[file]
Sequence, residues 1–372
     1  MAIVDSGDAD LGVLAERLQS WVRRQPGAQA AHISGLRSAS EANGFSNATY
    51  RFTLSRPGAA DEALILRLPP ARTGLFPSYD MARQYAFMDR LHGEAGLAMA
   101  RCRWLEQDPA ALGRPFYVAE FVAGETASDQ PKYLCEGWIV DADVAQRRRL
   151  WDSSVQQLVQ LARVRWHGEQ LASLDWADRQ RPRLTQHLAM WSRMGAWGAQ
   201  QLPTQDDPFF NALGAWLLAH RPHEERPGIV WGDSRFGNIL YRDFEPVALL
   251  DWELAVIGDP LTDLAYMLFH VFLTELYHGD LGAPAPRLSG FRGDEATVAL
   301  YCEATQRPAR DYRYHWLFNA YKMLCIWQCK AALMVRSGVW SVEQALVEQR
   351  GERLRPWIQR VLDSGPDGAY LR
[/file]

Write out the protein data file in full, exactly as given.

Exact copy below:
Sequence, residues 1–372
     1  MAIVDSGDAD LGVLAERLQS WVRRQPGAQA AHISGLRSAS EANGFSNATY
    51  RFTLSRPGAA DEALILRLPP ARTGLFPSYD MARQYAFMDR LHGEAGLAMA
   101  RCRWLEQDPA ALGRPFYVAE FVAGETASDQ PKYLCEGWIV DADVAQRRRL
   151  WDSSVQQLVQ LARVRWHGEQ LASLDWADRQ RPRLTQHLAM WSRMGAWGAQ
   201  QLPTQDDPFF NALGAWLLAH RPHEERPGIV WGDSRFGNIL YRDFEPVALL
   251  DWELAVIGDP LTDLAYMLFH VFLTELYHGD LGAPAPRLSG FRGDEATVAL
   301  YCEATQRPAR DYRYHWLFNA YKMLCIWQCK AALMVRSGVW SVEQALVEQR
   351  GERLRPWIQR VLDSGPDGAY LR